Cutting Dead Trees: Is permission needed even during emergencies, High Court asks administration

Cutting Dead Trees: Is permission needed even during emergencies, High Court asks administration

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Dead trees at the divider of Sector 28 and Industrial Area Phase 1 in Chandigarh on Wednesday. Sahil Walia

FINDING IT strange that one needs permission from the adviser to the UT administrator even to remove dead trees, the Punjab and Haryana High Court on Wednesday sought a response from the Chandigarh Administration as to whether authorities would have to do the same even in case of emergencies like natural calamities.

During the resumed hearing of the case of a 20-year-old Chandigarh woman, whose right leg below the knee had to be amputated after she came under a heavy branch of a dead tree at Sector 17 in September 2013, Justice Rajan Gupta observed that power has to be delegated for an easy process in the matter and there is even confusion related to the jurisdiction of trees among the UT departments and the Chandigarh Municipal Corporation.

The HC Bench made the observation after the counsel, representing Chandigarh MC, said till recently the corporation did not even have the power to prune trees. MC Chief Engineer, in a written affidavit, told the High Court that in the victim’s case, a complaint was made only in January 2013 but since the cases for the adviser’s approval of the trees are grouped in one lot and after that the bids are invited for the removal and disposal of trees, the case had been pending for long.

“It is submitted that the office is required to follow procedure laid down for the removal of trees as well as the departmental procedure and opening of tenders as such there is no laxity on the part of any official of the Municipal Corporation, Chandigarh,” said the chief engineer.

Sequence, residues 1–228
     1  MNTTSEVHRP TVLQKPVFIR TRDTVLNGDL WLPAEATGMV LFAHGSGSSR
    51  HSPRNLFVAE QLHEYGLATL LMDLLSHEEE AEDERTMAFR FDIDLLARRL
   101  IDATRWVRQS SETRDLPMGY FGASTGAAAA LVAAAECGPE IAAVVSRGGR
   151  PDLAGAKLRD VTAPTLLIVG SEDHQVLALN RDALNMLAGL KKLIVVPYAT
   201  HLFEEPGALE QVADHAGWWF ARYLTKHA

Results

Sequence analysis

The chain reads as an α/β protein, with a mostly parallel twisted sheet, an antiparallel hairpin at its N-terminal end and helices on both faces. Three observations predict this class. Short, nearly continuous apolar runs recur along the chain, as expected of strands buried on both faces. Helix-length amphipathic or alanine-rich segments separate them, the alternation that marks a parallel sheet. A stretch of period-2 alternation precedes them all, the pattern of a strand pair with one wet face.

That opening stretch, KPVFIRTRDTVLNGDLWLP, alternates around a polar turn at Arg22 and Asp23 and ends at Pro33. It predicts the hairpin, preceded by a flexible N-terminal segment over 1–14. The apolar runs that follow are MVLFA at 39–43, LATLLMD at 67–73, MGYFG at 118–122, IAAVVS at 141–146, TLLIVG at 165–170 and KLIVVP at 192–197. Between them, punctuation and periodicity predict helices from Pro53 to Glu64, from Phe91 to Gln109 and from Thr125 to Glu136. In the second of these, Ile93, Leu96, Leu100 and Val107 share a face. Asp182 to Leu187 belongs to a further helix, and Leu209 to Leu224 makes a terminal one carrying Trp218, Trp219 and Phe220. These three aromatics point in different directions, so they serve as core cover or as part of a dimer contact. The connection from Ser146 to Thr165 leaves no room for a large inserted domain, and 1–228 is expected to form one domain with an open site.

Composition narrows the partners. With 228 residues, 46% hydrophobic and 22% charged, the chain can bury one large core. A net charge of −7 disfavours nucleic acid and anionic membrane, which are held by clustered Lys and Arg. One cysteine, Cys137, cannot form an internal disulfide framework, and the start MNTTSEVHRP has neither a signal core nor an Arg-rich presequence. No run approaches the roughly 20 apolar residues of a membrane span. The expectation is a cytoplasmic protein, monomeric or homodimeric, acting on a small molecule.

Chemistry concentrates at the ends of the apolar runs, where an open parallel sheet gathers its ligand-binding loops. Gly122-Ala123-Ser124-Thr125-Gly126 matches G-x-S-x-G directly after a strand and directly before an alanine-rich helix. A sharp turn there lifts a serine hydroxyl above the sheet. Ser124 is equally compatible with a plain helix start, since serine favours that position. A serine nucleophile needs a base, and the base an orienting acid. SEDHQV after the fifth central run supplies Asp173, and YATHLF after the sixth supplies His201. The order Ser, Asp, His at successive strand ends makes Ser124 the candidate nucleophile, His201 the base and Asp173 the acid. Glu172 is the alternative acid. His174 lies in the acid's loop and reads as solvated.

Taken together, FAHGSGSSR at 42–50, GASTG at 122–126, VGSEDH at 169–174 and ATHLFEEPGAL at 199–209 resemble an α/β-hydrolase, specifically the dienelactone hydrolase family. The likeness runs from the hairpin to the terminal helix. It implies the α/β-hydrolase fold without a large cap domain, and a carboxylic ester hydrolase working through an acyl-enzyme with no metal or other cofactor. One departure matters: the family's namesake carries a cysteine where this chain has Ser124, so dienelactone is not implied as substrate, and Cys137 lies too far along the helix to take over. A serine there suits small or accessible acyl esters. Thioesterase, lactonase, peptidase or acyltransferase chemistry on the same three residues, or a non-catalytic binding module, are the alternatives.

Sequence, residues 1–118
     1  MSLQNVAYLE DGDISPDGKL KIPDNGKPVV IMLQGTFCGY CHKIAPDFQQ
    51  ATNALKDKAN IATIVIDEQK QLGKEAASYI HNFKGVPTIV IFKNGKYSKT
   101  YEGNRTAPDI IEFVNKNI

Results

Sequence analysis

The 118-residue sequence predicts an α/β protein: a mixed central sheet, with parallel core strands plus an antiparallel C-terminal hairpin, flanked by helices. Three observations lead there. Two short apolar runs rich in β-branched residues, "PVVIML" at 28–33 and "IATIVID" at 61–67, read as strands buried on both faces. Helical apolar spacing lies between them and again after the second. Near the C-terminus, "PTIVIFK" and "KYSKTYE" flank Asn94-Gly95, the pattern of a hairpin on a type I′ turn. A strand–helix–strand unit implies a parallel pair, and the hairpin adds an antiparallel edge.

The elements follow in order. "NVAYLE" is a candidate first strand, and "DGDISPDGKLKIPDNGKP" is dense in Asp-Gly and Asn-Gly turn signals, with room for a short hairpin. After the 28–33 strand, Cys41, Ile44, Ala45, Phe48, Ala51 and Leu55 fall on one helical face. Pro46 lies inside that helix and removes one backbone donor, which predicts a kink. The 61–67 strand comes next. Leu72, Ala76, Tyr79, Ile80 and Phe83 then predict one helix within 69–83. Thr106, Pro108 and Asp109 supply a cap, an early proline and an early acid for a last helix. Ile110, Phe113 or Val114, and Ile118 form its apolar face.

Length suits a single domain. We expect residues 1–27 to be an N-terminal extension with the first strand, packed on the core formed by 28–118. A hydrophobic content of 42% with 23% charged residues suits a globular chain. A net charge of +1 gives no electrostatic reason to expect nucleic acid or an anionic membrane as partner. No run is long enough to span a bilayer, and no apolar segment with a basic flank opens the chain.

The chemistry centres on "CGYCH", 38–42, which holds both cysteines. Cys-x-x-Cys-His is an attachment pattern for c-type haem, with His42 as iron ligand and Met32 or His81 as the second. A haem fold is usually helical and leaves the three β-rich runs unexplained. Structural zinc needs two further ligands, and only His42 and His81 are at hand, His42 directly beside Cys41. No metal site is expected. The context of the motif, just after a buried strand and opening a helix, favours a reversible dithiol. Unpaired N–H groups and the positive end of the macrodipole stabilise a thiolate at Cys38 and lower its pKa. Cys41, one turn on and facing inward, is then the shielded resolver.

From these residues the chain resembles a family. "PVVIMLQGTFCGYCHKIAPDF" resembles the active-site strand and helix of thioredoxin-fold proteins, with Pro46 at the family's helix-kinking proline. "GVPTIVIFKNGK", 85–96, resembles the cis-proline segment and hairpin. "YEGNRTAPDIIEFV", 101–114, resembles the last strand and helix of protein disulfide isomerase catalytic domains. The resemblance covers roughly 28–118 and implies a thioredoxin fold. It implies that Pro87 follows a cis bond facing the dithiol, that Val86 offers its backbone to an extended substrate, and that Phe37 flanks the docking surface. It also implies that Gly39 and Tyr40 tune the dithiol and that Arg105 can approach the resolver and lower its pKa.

Chandigarh MC has informed the High Court that while conduting the census this year, of the 1,65,597 trees in the city, a total of 1,029 were found to be dead and dry. The municipal corporation has so far only received permission from the adviser to remove 602 trees and for the remaining 427 dead and dry trees, the approval was awaited according to the official response.

“Out of the 602 trees, the approval of approximately 115 trees was granted by the competent authority in May and June this year and these trees have already been removed. The remaining 487 dead and dry trees for which approval was received this July shall be cut by 31.08.2017,” said the chief engineer.

The High Court, during the earlier orders, had observed that it needs to be examined “whether the lengthy procedure as envisaged by the UT Administration is necessary to be followed even if the life of an inhabitant of the city is endangered due to any such circumstances as obtained in the instant case” and had asked the MC chief engineer to appear in court in person.

The single bench on Wednesday said it would require an amicus for assistance in the case. The UT counsel were asked to seek instructions regarding permission to remove dead trees and file the same during the next hearing on September 6.